Crohn's disease

Crohn's disease (CD) is a chronic inflammatory condition of the digestive tract that progresses with flares and is one of the so-called inflammatory bowel diseases. The inflammation can affect different areas of the digestive tract depending on the individual. Its cause is unknown, although it is believed to be due to a combination of environmental, immune and genetic factors. Its overall prevalence is estimated at 0.4%.

The exact causes of Crohn's disease and its triggers are unknown. Research shows that it may result from a combination of environmental, immune and microbiological factors in genetically susceptible individuals. Important risk factors include:

  • Age: CD can develop at any age, but it usually begins during youth. Most people develop it before the age of 30.
  • Ethnicity: it is more common in people of Caucasian and Ashkenazi Jewish descent, although it can affect people of any ethnicity.
  • Smoking is the most important controllable risk factor associated with CD. In addition, smoking is also associated with a more severe form of the disease.
  • Nonsteroidal anti-inflammatory drugs. They can cause inflammation of the intestine, which can worsen the disease.
  • High-fat diet, which may increase the risk of the disease.

Symptoms

Crohn's disease usually has active periods (flares) with alternating asymptomatic phases, although in some people there are ongoing symptoms despite treatment. These symptoms vary depending on the area of the intestine affected, but usually include the following:

  • Diarrhea of more than 6 weeks evolution, in many cases, with blood.
  • Abdominal pain and weight loss.
  • Fatigue and general malaise.
  • Joint pain.
  • Development of perianal fistulas.
  • Inflammation of other regions such as skin, joints or liver.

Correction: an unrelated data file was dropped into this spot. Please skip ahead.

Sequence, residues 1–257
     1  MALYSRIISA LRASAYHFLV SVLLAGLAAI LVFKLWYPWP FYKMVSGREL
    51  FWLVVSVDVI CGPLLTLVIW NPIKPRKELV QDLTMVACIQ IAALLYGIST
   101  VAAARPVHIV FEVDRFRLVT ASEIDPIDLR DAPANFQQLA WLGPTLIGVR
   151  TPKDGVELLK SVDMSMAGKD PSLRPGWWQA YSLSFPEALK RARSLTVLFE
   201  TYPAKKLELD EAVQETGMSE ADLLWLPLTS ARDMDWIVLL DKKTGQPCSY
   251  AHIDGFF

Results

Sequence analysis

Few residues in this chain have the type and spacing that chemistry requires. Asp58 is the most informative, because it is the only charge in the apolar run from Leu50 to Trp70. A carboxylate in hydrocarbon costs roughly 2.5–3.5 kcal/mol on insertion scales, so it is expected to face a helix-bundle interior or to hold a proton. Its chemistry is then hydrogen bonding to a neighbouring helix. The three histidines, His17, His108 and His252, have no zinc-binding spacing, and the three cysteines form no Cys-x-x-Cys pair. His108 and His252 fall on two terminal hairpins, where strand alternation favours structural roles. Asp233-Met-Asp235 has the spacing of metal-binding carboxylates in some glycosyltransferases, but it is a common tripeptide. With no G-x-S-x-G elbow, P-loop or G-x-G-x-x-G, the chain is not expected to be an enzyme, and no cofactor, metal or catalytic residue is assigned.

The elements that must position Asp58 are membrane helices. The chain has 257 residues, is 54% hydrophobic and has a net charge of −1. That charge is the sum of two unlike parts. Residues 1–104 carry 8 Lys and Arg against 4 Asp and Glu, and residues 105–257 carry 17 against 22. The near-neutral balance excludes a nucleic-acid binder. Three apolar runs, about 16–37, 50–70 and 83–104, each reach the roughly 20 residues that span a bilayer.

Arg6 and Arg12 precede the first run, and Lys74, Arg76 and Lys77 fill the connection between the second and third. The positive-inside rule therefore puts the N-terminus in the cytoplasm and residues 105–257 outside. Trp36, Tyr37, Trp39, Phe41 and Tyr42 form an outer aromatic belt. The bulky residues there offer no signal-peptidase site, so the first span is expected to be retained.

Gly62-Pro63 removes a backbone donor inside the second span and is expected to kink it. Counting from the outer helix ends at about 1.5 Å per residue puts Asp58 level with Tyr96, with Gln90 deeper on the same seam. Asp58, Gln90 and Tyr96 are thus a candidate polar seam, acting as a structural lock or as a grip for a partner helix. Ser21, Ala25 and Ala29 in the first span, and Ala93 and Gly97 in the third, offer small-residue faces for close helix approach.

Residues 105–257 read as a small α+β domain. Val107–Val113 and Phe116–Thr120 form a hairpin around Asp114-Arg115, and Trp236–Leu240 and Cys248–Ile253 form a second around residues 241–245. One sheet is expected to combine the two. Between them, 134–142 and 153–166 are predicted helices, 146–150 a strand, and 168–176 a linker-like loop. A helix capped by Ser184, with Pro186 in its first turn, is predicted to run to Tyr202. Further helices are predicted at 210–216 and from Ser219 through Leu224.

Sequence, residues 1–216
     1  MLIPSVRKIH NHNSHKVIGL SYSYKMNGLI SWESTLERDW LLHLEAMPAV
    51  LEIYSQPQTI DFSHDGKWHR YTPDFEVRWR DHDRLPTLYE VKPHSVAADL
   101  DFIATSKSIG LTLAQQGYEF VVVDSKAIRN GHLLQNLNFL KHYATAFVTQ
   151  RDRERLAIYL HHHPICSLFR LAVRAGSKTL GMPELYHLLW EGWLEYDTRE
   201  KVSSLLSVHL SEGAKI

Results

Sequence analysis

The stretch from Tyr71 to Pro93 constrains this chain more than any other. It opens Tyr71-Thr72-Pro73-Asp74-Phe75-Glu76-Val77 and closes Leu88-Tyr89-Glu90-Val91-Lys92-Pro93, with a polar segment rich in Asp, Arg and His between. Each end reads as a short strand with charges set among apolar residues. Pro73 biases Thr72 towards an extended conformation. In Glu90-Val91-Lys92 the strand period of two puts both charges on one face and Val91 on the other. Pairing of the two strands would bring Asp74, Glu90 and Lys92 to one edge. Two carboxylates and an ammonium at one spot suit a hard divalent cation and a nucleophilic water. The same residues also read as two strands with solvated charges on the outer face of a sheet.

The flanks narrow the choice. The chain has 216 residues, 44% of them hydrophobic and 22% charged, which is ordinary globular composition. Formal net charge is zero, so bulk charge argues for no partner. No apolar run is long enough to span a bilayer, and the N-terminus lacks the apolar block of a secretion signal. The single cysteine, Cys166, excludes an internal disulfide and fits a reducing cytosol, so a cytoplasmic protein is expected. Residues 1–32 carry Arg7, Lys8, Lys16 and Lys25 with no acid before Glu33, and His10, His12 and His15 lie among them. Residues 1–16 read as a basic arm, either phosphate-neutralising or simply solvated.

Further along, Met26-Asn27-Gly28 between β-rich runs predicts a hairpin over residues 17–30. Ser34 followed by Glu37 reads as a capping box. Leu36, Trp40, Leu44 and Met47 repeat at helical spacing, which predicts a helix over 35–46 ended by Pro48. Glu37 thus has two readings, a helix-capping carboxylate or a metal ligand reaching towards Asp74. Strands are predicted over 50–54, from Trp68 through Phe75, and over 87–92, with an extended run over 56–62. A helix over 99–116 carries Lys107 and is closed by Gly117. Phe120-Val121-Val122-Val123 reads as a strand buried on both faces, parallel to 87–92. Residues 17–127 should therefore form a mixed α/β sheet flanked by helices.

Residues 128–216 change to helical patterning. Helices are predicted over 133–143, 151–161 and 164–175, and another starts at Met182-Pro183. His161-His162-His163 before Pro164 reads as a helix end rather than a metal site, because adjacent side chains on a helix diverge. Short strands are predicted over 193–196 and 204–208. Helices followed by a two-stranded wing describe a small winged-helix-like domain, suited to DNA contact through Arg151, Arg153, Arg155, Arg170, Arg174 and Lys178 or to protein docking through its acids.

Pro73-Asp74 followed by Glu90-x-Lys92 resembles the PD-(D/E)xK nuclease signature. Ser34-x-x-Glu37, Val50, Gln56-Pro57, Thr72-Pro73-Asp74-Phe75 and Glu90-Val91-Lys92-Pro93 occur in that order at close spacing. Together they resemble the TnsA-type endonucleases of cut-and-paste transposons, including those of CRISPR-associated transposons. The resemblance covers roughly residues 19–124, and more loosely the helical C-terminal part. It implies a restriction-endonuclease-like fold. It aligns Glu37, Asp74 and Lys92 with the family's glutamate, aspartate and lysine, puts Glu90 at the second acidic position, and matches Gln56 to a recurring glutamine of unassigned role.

• Kidney stones.
  • Anemia.
  • Stunted growth, when initiated in children.

Some research suggests that stress may worsen or even trigger the onset of symptoms. In addition, in some people, certain foods may also worsen symptoms.

Prevention

Preventing the development of Crohn's disease is not possible because the exact causes of its onset are not known, although it is possible to act against certain risk factors that influence its development and aggravate the pathology, such as smoking. It has been proven that smoking increases the risk of developing this disorder, also increasing the risk of complications in those who suffer from the disease.

In patients diagnosed with CD, there are therapies that can help to significantly reduce their signs and symptoms and can even achieve some remission of the disease. In addition to the pharmacological and surgical treatments available, there are actions that can help prevent a flare-up or reduce symptoms:

  • Avoid carbonated beverages.
  • Avoid high-fiber foods.
  • Drink more fluids.
  • Eat smaller amounts of food more frequently.
  • Keep a food diary to help identify foods that may cause problems.

Number of observed variants

13.5 million variants

Number of risk loci

104 loci

Genes analyzed

ADCY3 ADO APEH APOBR ATG16L1 BACH2 BRD7 C1orf141 CAMK2G CARD9 CCL2 CD244 CDH13 CDKAL1 CEP43 CHSY3 CIITA CREM CYLD DENND1B DNAJC27 DUSP5 ERAP2 FOSL2 FUT2 GALC GCKR GPX4 ICAM3 ICOSLG IFNGR2 IKZF1 IL10 IL12B IL18RAP IL21 IL23R IL2RA INAVA IRGM ITGA4 JAK2 KSR1 LACC1 LNPEP LRRC32 LRRK2 MAP3K8 MMP9 MUC19 MYC NCF4 NDFIP1 NKD1 NKX2-3 NOD2 PDGFB PDK1 PLCL1 PLEKHH2 PPIF PRDM1 PTGER4 PTPN2 PTPN22 PUS10 RBPJ RFT1 RIMBP3C RMI2 RPH3A RSPO3 RUSC1 SCNN1A SH2D4B SLAMF8 SLC22A5 SLC39A8 SLC7A10 SMAD3 SNX20 SOX4 SP110 SP140 SPATC1 STAT3 STK11 TAGAP TNFRSF6B TNFSF15 TNFSF18 TPRG1 TRIB1 TYK2 USP25 ZBTB38 ZEB2 ZFP36L1 ZPBP2

Bibliography

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